SAGITTARIUS Nov22–Dec21 You’re growing too fast, but that’s fine as long as you don’t make people around you feel like they’re moving too slowly. You know too much, but that won’t be a problem as long as you don’t act snooty. And you’re almost too attractive for your own good, but that won’t hurt you as long as you overflow with spontaneous generosity. What I’m trying to convey, Sagittarius, is that your excesses are likely to be more beautiful than chaotic, more fertile than confusing. And that should provide you with plenty of slack when dealing with cautious folks who are a bit rattled by your lust for life.

CAPRICORN Dec22–Jan19 Until recently, scientists believed the number of trees on the planet was about 400 billion. But research published in the journal Nature says that’s wrong. There are actually three trillion trees on Earth—almost eight times more than was previously thought. In a similar way, I suspect you have also underestimated certain resources that are personally available to you, Capricorn. Now is a good time to correct your undervaluation. Summon the audacity to recognize the potential abundance you have at your disposal. Then make plans to tap into it with a greater sense of purpose.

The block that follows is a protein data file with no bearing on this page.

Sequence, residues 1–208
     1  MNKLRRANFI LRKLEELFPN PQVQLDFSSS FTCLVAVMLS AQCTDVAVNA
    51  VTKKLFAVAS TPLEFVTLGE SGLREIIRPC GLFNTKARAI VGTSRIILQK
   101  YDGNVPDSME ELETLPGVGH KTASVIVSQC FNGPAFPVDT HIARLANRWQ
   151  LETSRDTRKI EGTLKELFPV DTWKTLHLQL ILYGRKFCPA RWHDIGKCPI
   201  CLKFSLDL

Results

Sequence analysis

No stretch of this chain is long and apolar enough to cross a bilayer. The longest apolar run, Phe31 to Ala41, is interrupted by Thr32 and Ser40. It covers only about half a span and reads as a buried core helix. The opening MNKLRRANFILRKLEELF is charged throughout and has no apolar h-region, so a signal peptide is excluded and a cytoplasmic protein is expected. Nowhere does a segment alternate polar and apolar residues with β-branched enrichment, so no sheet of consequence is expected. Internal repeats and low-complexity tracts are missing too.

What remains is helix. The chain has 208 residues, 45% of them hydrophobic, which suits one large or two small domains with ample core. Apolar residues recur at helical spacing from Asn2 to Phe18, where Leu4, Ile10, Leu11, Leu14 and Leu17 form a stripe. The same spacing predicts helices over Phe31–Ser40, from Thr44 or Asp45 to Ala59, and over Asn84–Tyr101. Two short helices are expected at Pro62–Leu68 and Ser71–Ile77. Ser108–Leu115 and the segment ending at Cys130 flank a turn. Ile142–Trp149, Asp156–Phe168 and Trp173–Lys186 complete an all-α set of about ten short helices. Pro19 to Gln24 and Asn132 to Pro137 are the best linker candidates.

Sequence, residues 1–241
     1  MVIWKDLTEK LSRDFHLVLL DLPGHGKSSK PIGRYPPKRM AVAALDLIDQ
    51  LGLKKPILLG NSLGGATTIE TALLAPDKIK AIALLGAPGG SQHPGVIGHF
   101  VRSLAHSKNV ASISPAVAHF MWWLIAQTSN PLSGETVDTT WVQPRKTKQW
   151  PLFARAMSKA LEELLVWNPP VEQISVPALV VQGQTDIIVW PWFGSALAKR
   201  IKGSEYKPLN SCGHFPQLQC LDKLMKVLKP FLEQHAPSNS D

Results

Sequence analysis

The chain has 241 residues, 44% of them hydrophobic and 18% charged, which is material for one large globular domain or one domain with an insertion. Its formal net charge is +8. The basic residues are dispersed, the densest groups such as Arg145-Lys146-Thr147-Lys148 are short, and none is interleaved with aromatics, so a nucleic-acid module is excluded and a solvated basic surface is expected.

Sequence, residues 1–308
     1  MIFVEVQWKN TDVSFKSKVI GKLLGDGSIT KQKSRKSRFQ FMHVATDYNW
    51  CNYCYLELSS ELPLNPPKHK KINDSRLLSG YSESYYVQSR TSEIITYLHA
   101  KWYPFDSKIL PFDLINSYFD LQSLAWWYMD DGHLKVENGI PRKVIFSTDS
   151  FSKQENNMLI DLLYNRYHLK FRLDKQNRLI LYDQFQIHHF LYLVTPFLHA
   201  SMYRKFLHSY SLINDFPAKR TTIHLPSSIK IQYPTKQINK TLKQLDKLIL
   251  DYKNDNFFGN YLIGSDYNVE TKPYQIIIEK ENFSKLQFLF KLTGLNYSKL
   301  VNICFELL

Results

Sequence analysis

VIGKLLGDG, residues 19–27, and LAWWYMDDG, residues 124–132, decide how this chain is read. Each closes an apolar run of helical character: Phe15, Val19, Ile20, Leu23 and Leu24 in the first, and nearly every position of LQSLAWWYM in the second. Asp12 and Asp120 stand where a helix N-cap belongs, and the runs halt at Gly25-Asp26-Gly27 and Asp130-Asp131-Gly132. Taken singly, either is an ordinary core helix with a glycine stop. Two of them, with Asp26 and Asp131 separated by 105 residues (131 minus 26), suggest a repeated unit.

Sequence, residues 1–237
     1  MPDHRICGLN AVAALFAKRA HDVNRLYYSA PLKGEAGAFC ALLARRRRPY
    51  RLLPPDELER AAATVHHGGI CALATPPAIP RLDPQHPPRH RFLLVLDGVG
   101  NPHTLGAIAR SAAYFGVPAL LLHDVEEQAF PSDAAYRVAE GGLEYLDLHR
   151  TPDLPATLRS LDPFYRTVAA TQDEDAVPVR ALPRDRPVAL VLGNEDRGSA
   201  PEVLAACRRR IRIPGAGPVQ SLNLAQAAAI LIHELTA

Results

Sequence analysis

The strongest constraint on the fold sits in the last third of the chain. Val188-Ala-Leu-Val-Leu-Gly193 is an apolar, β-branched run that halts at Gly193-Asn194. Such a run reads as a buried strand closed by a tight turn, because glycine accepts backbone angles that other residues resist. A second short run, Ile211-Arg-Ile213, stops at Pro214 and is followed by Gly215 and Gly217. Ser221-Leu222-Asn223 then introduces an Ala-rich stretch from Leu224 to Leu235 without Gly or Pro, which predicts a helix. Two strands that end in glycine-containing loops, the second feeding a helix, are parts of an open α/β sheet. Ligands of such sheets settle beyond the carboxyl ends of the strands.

AQUARIUS Jan20–Feb18 The poet John Keats identified a quality he called “negative capability.” He defined it as the power to calmly accept “uncertainties, mysteries, and doubts without any irritable reaching after fact and reason.” I would extend the meaning to include three other things not to be irritably reached for: artificial clarity, premature resolution, and simplistic answers. Now is an excellent time to learn more about this fine art, Aquarius.

PISCES Feb19–Mar20 Are you ready for a riddle that’s more enjoyable than the kind you’re used to? I’m not sure if you are. You may be too jaded to embrace this unusual gift. You could assume it’s another one of the crazy-making cosmic jokes that have sometimes tormented you in the past. But I hope that doesn’t happen. I hope you’ll welcome the riddle in the liberating spirit in which it’s offered. If you do, you’ll be pleasantly surprised as it teases you in ways you didn’t know you wanted to be teased. You’ll feel a delightful itch or a soothing burn in your secret self, like a funny-bone feeling that titillates your immortal soul. P.S.: To take full advantage of the blessed riddle, you may have to expand your understanding of what’s good for you.

Test this hypothesis: The answer to a pressing question will come within 72 hours after you do a ritual in which you ask for clarity.

© Copyright 2017


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OPINION